I was only later to learn that Flo had seldom been put down completely by her associates; that I was one of the first strangers who had ever bucked her. (I attribute this to stupidity on my part, hardly bravery.) She was a private joke among them; someone they felt close to, but who was the brunt of jokes. I had struck a common denominator; I had hit a proper chord. It could easily have gone either way, but they had laughed, rather than taken offense.
No one was glaring at me. No one was angry. I was a tolerated visitor in the enemy camp.
I walked up to Flo, who was crimson with rage at being put down, and smiled at her boyishly. I hoped it was even engagingly. "Sorry," I grinned, meaning that I was not sorry but if she'd call it square, so would I.
She turned away spinning on the stool with an indignant exhalation of breath, that peculiar expression without words or motions that means get the hell away from me, big mouth, I'm insulted.
Everyone was laughing.
I had to cement my place among them, tenuous though it might be.
Clichés are clichés because they're true. They work. I employed as simple a cliché as I could dream up on the spur of the moment. "Hey," I called to the white-around-the-eyes frightened Ben, "give everybody a Coke on me."
Set 'em up for the house, bartender.
It was so trite, it was so hokey, it was so pure and simple a grandstand play, it got carried off flawlessly. I bought them Cokes, and they didn't mind when I took Flo's seat as she left the malt shop in anger and frustration.
They talked to me sparingly, not telling me their names, and myself refraining from asking. They did not tell me what club they belonged to, what they did, where they went, nothing. I was still a stranger. They didn't ask me about myself, and I didn't tell them.
We talked about inconsequentialities. Ball games, movies, the street cleaners, the cops, the stores around, records on the juke box, whether Coke or Pepsi was better, that a piece of meat left overnight in a glass of Coke was eaten by the acid, a lot of crap like that, as they phrased it.
But I was talking with them, and whether they knew it or not, they had a new member in their gang.
It was a feeling that knotted me inside like a length of hemp rope. I was about to get involved more deeply with trouble than I had ever been before.
These kids played hard, and they lived hard, and they were jealous of their lives. They wanted no interference, no interlopers, no prying youth counselors. If they knew I was a busy-body writer gathering their expressions, the absent movements of their hands when they spoke, their facial expressions, they would stomp and slice me like a pound of salami.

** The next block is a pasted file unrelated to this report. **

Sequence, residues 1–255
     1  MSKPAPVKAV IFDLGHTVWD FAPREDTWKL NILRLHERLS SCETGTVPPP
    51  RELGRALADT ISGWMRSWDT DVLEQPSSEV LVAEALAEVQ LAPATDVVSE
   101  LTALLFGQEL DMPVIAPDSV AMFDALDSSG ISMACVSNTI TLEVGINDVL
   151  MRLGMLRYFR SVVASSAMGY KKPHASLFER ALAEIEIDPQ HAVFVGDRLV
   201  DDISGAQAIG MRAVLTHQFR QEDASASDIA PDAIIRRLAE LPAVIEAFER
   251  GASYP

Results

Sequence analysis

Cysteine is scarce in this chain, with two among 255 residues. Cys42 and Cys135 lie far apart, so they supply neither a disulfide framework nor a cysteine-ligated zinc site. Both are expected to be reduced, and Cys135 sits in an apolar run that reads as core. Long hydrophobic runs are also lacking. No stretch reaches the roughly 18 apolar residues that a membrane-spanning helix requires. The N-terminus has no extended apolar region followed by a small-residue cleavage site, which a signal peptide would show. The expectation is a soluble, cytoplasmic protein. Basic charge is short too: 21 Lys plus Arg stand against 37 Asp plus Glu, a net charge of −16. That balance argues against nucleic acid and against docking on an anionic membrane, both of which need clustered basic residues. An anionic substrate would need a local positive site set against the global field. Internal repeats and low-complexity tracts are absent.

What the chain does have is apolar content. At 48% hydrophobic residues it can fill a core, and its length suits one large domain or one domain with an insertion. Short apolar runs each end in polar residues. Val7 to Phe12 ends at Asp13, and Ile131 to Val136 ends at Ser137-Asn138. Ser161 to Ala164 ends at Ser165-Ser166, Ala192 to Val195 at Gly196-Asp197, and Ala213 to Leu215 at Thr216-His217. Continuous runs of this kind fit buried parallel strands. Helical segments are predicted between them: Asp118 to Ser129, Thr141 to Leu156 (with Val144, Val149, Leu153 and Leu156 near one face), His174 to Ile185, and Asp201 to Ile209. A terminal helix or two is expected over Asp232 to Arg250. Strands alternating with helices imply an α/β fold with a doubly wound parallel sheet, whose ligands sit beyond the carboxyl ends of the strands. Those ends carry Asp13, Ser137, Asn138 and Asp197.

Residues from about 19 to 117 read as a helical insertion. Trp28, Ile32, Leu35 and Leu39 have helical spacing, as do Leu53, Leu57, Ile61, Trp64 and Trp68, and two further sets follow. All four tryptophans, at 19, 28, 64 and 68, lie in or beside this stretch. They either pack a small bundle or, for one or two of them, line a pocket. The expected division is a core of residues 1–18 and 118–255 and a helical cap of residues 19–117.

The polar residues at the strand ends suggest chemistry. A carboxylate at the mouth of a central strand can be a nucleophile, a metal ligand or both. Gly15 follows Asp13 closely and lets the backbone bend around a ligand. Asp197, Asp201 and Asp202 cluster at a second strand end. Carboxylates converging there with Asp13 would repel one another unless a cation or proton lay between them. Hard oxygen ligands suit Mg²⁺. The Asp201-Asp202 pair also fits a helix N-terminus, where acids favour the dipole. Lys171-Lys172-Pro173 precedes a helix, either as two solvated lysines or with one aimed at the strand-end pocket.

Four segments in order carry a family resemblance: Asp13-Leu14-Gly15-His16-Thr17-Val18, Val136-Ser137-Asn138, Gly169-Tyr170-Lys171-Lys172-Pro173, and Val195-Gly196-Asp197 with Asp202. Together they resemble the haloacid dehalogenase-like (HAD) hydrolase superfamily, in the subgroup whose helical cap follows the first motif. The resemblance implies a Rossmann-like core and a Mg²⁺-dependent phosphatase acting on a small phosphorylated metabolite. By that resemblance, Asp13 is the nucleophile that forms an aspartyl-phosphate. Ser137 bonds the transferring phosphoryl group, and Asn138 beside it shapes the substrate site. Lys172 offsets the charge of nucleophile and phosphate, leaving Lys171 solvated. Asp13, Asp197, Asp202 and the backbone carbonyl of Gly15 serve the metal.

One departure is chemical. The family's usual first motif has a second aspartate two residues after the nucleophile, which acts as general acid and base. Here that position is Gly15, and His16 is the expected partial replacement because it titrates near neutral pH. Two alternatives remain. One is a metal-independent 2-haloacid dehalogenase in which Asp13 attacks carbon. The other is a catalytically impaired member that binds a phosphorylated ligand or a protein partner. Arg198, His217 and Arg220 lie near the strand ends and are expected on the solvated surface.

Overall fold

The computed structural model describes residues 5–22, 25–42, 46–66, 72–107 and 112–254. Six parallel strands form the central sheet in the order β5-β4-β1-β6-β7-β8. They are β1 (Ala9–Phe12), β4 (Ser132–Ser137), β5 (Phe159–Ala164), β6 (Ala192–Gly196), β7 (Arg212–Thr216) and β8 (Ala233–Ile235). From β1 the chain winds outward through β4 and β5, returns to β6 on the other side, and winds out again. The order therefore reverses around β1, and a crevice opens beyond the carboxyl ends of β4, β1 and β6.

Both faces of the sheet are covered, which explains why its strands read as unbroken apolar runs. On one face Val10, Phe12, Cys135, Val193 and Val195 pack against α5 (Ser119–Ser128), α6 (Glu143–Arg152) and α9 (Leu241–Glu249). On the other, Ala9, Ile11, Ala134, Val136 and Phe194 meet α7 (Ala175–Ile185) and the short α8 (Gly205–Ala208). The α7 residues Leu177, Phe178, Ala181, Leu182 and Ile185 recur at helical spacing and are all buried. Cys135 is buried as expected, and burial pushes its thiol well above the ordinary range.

I tried talking to them about current events, mentioned some local governmental disturbance. They thought I was a kook. I got off that kick and recouped my conversational losses and learned a lesson, my first about the gang kids:
They lived in a private world. A teen-aged universe outside adults and adult matters. Their world was the turf—their neighborhood, their territory, the blocks they ruled—and sputniks, revolutions, United Nations, strikes and depressions were of no interest to them, did not, in effect, exist for them. They lived in the malt shop, on the doorstep, on the rooftop, in the parked car, on the dance floor, and other worlds were not their concern.
This was their kingdom, and anyone wanting admission had to think like them, act like them, be like them.
I never made that slip-up again.
From the moment I raised that valuable Coke to my lips, I was a seventeen-year-old hood named Cheech Beldone, and if they killed a druggist while robbing his till, or knocked down old ladies in the park, or if they zip-gunned a rival gang member, I was with them.
I had to write the truth, and that meant no play-acting.
It meant living the life of the doomed.
I was a hard rock j.d. from that moment on.
Excerpted from Memos From Purgatory by Harlan Ellison. Copyright © 2003 The Kilimanjaro Corporation. Excerpted by permission of OPEN ROAD INTEGRATED MEDIA.